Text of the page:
English vowel sounds: there are 20 ways to pronounce them and only five letters for writing them. So learning or teaching the pronunciation of English vowels requires a detailed table of spelling rules and examples. Continuing to teach English around Brighton, I produce handouts for the English language that don’t appear to have been catered for. I couldn’t find a complete summary or explanation of vowel pronunciation online. Pronunciation explanations or exercises are usually very basic, for young learners or beginners, and rarely show all the different sounds in a table. When I taught in the UAE the only useful resource we had was a book containing this information, and I believe it helped learners a lot. So I have reproduced the idea here, either for learners to study or as a point of reference for teachers.
How this is useful
Though the English language only has five written vowels, there are 20 different vowel sounds. Learning the written form of five vowels won’t help, as these 20 sounds are made up of a wide variety of different spellings. The tables below show the pronunciation of the different vowel sounds with examples to help identify where your pronunciation needs more work. The tables include what are commonly called short vowels and long vowels, and a brief explanation of the schwa. To hear the different sounds pronounced, please use this chart.
Pronunciation of short vowels
Short vowels are usually formed when a vowel is followed by a single consonant, which ‘closes’ the sound. They are short, light sounds. There are around 1,000 exceptions to the spelling rules of short vowels, however.
|/æ/||a||mat, pat, lap|
|/ɛ/||e||met, pet, let|
|/ɪ/||i||bin, pit, lip|
|/ɒ/||o||rot, pot, lot|
|/ʌ/||u||fun, sun, luck|
Pronunciation of long vowels
Some of the below may be considered short vowels (only half are dipthongs, technically the longer vowel sound), but I have divided the short vowels above from the ones with more complex pronunciation and spelling. Long (or complex) vowels are formed by combining more than one vowel (mean); following a vowel with more than one consonant (mind); or following a vowel and consonant with a silent e (mice). The combinations of vowels and consonants used to produce long vowels are massively varied and do not necessarily relate to the basic vowel sound they belong to (for instance, bird uses a long e variation). This list is a basic starting point to identify the overall pronunciation of the long vowels – either showing vowel/consonant combinations or ‘vowel + C + e’ to show silent e forms:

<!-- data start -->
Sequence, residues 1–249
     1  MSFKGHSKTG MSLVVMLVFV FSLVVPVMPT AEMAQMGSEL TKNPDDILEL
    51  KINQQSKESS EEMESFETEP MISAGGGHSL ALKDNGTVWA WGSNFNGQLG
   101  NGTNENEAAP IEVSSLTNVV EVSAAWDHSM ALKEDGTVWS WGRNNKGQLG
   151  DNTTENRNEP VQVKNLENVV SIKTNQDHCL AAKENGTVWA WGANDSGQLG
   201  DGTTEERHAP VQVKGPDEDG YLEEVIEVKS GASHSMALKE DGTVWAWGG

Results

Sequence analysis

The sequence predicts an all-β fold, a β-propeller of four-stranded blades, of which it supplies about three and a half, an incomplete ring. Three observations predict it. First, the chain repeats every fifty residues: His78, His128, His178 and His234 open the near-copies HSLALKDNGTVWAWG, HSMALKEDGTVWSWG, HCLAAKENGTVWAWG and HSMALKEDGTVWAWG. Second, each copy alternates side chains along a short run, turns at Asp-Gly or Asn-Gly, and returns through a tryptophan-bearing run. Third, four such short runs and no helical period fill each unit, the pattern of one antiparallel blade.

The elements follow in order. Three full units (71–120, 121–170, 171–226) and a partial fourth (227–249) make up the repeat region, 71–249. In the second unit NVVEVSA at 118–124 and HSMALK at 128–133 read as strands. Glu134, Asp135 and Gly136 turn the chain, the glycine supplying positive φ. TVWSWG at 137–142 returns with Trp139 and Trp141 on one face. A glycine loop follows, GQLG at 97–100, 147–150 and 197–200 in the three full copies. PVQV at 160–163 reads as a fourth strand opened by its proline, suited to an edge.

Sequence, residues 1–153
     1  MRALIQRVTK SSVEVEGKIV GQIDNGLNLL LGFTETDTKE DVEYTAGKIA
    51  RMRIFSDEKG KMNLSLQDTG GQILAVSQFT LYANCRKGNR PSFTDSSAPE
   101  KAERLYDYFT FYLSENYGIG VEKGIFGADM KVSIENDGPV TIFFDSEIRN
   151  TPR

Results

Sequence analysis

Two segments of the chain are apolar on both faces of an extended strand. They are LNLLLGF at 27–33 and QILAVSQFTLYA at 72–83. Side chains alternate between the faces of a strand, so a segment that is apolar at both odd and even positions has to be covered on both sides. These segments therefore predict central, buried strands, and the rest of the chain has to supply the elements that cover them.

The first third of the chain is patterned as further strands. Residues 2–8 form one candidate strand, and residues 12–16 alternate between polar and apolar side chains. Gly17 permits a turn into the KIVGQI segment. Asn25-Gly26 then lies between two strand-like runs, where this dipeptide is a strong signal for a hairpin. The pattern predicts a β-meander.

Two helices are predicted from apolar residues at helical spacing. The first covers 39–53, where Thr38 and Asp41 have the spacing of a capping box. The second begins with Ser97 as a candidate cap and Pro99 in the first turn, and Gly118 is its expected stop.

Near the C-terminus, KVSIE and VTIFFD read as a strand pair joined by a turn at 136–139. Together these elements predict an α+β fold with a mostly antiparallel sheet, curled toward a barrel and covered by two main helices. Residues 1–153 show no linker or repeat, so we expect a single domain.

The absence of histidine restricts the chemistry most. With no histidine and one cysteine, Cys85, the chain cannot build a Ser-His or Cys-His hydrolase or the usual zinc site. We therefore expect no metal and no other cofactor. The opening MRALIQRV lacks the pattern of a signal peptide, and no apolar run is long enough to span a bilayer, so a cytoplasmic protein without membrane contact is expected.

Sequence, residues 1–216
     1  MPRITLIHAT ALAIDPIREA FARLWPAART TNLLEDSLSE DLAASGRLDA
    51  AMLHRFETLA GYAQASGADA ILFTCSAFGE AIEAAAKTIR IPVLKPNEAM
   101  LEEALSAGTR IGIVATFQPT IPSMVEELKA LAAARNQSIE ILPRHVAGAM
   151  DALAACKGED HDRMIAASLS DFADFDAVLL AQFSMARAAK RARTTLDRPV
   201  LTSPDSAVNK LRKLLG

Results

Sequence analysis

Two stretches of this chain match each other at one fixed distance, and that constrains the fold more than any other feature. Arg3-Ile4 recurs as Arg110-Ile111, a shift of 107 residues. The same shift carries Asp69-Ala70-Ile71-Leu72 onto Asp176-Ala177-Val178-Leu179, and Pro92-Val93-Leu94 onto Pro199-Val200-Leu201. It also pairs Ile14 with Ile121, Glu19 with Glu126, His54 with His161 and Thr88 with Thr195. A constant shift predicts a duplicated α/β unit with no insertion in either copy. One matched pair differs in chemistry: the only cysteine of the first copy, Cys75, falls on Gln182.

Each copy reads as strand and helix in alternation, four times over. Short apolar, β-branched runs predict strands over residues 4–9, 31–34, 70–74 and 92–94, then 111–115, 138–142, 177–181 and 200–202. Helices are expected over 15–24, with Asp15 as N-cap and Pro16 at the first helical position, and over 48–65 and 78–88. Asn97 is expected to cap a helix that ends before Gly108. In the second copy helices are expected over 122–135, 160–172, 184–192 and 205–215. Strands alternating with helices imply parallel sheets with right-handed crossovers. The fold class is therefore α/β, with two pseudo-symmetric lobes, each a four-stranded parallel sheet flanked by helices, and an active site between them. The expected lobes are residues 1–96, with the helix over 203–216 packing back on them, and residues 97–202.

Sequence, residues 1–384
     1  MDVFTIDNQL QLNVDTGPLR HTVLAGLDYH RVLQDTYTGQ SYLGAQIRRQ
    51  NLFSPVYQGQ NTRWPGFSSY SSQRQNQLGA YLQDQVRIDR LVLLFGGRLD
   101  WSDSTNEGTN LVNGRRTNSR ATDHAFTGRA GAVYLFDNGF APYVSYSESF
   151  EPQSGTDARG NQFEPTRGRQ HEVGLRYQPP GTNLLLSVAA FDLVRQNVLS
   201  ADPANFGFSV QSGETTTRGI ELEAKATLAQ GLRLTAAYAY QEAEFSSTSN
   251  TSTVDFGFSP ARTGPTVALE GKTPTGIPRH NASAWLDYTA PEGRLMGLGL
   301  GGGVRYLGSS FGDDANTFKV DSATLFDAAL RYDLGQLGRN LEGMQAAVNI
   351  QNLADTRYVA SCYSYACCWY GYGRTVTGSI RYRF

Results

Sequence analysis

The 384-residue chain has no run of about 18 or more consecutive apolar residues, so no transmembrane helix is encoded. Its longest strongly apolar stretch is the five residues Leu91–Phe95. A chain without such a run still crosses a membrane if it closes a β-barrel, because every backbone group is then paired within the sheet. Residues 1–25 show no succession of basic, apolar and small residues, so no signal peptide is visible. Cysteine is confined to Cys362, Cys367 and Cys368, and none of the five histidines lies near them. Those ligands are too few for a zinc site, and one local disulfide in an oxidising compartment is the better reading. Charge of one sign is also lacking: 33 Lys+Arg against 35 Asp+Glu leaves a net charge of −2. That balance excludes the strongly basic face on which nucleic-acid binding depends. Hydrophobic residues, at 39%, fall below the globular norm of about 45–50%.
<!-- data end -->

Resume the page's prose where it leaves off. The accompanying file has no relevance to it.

|/eɪ/||ai, ay, a+c+e||wait, day, late|
|/eə/||ai, a+c +e, e+c+e||air, care, where|
|/iː/||ee, ea, y, ie, i+c+e,||sheep, meat, dandy, fiend, elite|
|/ɪə/||ee, ea, e+c+e||steer, near, here|
|/ɜ:/||er, or, ir, ur||her, word, bird, hurt|
|/aɪ/||i, ig, igh, y, i+c+e,||I, sign, fight, dry, ice|
|/u:/||o, oo, ough||do, doom, through|
|/ɔɪ/||oi, oy||coin, toy|
|/əʊ/||oa, o+c+e||boat, note|
|/ʊə/||o, oa, or, oo, o+c+e||for, oar, worn, door, more|
|/juː/||ew, ue, u+c+e||few, due, cube|
All the vowel sounds in a list
From top to bottom of the list of vowel sounds, here are 19 similar words to help you see the difference:
For an alternative list and further practice, visit my main English language learning website, English Lessons in Brighton.
What is the schwa?
The 20th vowel sound, and the most common sound in the English language, is the schwa /ə/, an unpronounced sound that represents the majority of unstressed vowels. Avoid trying to pronounce the schwa – it appears when you don’t make an effort. If you imagine the unstressed vowel has no sound, the schwa will come (a bit like an ‘uh’). If you produce the schwa properly, you will sound more natural.